As Alan Walker said: we always talk about the “war on talent” when we should focus on how to retain people, and onboarding is part of that. A person’s journey starts with their very first interaction with the organisation even before the hiring process begins, going all the way through to the exit interview. If you manage this experience well, not only will people be more engaged at work, but they can become your brand ambassadors after they leave, which is extremely valuable.
For People Enablement to be effective, companies need to apply people first practices very early on. The impression companies give starts during the hiring process, which means we should set onboarding up for success, so people feel a sense of belonging as soon as they start. As Lee Andrews from IBM said, creating ways for new hires to connect with each other before they join (Slack channel), or giving them internal points-of-contact to reach out to with questions, helps them feel comfortable and welcome.
Technology can help create better workplace experiences, for example as at IBM with virtual chat rooms or learning portals for new joiners. Or at Bynder where they use Impraise to support career growth and development after the initial onboarding phase, encouraging a learning culture within the organisation.
Use technology to become more data driven, not just to improve people’s experience. Watch user behaviour to gain insights, or use the analytics offered by the platforms. This will help you make more informed decisions when it comes to your people about what they want and anticipate what they might need.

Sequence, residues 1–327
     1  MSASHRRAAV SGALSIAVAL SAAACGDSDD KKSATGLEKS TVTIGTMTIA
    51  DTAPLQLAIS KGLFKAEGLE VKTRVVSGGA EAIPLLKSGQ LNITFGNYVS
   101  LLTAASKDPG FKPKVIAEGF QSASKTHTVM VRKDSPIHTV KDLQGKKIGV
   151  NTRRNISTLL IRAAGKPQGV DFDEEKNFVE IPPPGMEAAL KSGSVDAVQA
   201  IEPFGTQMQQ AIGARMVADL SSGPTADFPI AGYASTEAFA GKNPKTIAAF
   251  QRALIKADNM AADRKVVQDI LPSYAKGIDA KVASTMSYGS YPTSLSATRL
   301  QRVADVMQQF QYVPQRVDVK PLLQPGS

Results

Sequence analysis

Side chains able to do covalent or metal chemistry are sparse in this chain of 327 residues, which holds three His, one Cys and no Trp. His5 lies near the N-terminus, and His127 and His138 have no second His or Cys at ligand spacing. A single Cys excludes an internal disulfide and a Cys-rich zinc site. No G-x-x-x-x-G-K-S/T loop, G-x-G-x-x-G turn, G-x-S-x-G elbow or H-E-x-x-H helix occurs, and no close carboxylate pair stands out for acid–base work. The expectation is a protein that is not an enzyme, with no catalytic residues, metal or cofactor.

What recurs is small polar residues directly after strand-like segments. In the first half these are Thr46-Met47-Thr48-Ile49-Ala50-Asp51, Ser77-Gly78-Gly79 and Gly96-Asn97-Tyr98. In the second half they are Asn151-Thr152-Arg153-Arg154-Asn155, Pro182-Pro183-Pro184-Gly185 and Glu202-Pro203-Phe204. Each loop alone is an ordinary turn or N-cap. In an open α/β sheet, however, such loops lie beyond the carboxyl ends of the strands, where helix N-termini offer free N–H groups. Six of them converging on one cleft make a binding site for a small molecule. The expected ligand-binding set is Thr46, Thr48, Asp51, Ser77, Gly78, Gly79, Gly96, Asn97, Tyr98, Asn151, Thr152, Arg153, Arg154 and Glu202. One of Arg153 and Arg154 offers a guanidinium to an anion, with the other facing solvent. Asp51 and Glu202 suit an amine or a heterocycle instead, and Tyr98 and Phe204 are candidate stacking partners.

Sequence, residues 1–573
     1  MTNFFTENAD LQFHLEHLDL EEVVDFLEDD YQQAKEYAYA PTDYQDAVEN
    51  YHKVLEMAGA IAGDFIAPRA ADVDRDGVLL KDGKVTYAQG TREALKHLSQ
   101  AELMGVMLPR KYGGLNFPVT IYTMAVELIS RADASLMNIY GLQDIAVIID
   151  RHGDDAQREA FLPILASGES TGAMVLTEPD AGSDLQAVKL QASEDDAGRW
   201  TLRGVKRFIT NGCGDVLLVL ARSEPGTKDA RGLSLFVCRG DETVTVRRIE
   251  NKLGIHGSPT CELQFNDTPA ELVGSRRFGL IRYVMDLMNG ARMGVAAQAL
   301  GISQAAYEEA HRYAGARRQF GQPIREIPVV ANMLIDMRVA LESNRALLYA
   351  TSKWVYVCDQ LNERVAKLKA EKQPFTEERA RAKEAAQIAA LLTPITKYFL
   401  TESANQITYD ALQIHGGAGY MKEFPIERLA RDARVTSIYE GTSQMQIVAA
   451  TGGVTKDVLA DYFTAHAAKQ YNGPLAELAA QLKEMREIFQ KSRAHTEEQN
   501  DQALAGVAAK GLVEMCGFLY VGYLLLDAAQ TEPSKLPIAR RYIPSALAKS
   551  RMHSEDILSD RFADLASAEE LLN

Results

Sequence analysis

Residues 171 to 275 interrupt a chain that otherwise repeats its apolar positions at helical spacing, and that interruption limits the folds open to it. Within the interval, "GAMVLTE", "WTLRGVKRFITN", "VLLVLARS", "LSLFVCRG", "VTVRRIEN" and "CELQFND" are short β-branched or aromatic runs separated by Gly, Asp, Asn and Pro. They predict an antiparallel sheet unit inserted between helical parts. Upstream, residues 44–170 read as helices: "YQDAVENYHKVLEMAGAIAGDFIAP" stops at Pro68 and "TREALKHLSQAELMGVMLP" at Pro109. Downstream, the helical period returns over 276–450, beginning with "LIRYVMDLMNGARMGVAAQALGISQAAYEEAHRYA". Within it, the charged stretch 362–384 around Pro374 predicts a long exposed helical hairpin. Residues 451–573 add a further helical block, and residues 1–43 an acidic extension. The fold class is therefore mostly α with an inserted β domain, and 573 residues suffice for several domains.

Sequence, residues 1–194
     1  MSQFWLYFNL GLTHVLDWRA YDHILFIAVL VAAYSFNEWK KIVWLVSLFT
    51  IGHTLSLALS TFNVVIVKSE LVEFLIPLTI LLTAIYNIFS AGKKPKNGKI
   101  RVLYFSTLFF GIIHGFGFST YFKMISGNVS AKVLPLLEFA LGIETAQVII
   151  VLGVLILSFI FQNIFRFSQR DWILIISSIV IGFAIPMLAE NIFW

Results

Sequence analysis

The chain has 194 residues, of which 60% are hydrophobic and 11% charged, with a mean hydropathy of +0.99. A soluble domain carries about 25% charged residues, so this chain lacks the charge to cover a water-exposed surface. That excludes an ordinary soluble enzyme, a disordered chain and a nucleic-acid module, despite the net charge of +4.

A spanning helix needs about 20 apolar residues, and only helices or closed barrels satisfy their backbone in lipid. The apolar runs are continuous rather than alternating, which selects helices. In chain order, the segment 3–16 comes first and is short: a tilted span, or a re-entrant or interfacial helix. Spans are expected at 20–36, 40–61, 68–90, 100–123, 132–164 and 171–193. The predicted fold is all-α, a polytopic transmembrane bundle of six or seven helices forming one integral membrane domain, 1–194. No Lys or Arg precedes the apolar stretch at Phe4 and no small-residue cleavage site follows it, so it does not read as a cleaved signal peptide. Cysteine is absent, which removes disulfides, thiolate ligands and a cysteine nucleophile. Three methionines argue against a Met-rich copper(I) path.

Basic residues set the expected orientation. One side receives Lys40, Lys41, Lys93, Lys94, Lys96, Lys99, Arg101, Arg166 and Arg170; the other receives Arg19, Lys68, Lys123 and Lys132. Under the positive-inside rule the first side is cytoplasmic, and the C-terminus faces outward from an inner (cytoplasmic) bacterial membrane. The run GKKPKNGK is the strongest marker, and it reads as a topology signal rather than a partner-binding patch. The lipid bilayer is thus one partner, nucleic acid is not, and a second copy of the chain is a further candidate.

Don’t forget adoption! When thinking about the different touch points in which people are engaging, we should make the experience as easy as possible with a low barrier to entry. Things to support this are: making tools accessible anywhere at any time, a UI that makes platforms easy to use, and delivering insights that are valuable for the user.
Further on in the employee journey, on the job learning is still the primary way of learning. An audience poll from Bynder, revealed that 65% of people rely on “on the job learning/learning from peers and managers” vs. workshops, personal training, or courses. If so, we should improve this experience for example by investing more in developing managers, or a mentoring programme.
Feedback should be ingrained in your culture, not a stand alone process. To build a sustainable feedback culture that scales with your business: first define your culture (what are your core business values and why are they important), then identify where to start (prioritise), and focus on getting buy-in at all levels of the business. Your initiatives are only successful if people are actively using them.
Don’t replace human interactions with technology. While it can help improve experiences, we still need face time. According to Adobe, more than 75% of US office workers fear professional relationships may deteriorate due to use of devices. A good example of creating opportunities for interaction were the Yes!Weconnect badges at Onboard - encouraging people to find their common points and network.
Don’t stop at onboarding and leave people to their own devices. A people first approach is long-term strategy not a one off project, and should be ingrained within the organization.
Onboarding, company culture, continuous feedback… all of them are closely intertwined. We should stop viewing them as separate individual topics. Together, they help us create more meaningful experiences for people, and ultimately add business value by retaining your top talent.
We should continue thinking in a People Enablement approach: creating a holistic employee experience, supporting people to feel empowered in their careers from the moment they start. In order to do that, we need to continue sharing knowledge and help each other apply best practices across the board.
Download our Guide to People Enablement Programs to understand how to best set your people and business up for success.
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